Interpretation of Linear Variable Differential Transformer (LVDT) voltage output

  • Thread starter ca2n
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  • #1
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Good day to all Physics Forums members,

I am currently undertaking a project which involves the use of a Linear Variable Differential Transformer (LVDT) to measure the distance an object makes between two points. My setup is as follows:

  1. LVDT Type: Solartron DC50 with sensitivity of 6.158 mV/V/mm at 10 VDC
  2. Power supply to LVDT: 12.12 VDC (const. and cannot be varied)
  3. Voltage output from LVDT fed to dataTaker data acquisition system

In an attempt at verifying the calibrated sensitivity of the LVDT, I performed a number of height measurements using gauge blocks. I took 6 equally-spaced height intervals between the maximums of the LVDT range and plotted the LVDT voltage output vs. height. Here is what I encountered:

  1. The curve plotted was NOT linear as I anticipated it to be. As a matter of fact, the curve fit a polynomial equation of degree five with R2 = 1
  2. When comparing the LVDT output voltage with the LVDT calibrated sensitivity values, discrepancies occured, e.g. a 20 mm difference between two gauge block heights returned a 20.5 mm difference calculated from the voltage output of the LVDT. The discrepancies grew as the ends of the LVDT were approached.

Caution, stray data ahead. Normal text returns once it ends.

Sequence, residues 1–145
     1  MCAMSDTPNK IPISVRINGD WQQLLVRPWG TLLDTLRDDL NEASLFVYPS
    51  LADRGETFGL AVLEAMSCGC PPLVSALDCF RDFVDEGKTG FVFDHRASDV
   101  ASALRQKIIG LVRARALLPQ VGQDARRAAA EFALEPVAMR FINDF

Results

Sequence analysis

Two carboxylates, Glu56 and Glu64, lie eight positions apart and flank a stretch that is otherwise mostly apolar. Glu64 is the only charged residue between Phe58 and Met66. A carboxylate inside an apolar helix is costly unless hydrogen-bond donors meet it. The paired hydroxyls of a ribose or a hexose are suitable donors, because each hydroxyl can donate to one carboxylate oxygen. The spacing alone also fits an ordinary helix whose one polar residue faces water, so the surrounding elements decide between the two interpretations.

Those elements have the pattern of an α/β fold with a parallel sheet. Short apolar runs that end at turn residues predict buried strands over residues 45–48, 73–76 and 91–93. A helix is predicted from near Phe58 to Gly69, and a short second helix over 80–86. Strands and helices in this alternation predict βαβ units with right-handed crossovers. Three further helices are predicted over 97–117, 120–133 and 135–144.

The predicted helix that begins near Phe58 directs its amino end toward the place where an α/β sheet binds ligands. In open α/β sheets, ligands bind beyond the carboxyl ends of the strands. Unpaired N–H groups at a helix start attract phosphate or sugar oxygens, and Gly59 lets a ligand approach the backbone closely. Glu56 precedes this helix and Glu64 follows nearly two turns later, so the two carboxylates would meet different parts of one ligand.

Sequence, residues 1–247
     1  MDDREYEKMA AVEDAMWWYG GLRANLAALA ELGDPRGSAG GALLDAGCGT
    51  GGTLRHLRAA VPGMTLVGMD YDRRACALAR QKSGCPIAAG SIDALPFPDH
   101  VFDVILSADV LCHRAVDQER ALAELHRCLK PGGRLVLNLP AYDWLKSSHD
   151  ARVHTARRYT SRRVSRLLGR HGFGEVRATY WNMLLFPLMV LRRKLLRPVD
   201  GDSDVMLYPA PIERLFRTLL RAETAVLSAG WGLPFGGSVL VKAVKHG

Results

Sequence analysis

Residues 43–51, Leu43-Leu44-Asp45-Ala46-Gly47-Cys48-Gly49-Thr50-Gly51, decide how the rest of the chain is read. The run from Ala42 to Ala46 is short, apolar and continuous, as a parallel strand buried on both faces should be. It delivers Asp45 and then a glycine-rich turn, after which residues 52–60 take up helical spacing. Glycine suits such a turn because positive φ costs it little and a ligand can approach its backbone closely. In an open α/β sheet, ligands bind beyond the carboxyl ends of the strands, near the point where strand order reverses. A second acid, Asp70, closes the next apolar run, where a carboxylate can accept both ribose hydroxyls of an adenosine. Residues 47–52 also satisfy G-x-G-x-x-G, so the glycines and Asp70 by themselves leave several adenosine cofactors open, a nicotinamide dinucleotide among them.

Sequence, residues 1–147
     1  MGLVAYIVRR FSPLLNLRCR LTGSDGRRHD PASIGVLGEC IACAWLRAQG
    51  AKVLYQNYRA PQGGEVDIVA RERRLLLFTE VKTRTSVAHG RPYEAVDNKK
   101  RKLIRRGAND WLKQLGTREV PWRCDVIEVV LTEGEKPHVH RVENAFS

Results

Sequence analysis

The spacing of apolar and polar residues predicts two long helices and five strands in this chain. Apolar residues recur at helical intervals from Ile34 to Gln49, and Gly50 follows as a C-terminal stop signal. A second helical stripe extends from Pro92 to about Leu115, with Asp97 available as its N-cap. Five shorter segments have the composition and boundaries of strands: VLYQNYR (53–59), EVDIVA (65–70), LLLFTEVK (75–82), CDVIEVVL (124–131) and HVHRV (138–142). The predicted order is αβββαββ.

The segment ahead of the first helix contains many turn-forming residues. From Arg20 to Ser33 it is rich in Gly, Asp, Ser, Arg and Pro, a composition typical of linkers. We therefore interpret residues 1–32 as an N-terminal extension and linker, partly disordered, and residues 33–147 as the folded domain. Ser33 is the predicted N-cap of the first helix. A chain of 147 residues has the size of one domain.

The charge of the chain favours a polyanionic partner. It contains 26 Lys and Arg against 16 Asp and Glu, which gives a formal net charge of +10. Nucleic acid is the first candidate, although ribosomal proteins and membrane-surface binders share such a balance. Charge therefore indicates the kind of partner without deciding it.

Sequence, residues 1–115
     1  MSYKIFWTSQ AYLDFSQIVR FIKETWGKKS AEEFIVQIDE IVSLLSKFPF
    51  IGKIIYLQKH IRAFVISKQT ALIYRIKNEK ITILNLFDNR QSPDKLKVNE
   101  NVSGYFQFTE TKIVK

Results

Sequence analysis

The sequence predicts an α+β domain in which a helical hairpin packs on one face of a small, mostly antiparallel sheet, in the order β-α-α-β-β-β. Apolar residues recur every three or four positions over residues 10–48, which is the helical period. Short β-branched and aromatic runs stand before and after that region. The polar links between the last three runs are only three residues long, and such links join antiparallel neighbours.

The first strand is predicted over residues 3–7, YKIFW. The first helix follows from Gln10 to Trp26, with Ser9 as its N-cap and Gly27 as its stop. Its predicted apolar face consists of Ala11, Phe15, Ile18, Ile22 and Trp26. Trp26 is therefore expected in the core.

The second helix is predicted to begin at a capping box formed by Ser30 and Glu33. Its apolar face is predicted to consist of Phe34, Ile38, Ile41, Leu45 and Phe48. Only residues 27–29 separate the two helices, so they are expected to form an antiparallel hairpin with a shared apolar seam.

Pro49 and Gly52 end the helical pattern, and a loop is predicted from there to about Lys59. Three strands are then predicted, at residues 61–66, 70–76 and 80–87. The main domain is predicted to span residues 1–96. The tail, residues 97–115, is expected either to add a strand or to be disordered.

My questions are:

  1. Could the fitted curve be beneficial for my use seeing as I've determined the end-to-end output values of the LVDT, OR,
  2. Should I, instead, just get the LVDT calibrated and use the obtained sensitivity value.

To be frank, I would highly prefer Option 1, if it is in fact a justifiable solution.

Any help is much appreciated. Thanks. :smile:
 

Answers and Replies

  • #2
Tom.G
Science Advisor
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2,348
From your quoted numbers, the accuracy is 2.5% of reading. Considering that your supply voltage is over 20% high, that isn't bad at all. If 2.5% is within your needed accuracy, use it as is.

I see no reason to "...get the LVDT calibrated...", you just did when you measured the gauge blocks. Use those numbers if you need the accuracy.

Cheers,
Tom
 

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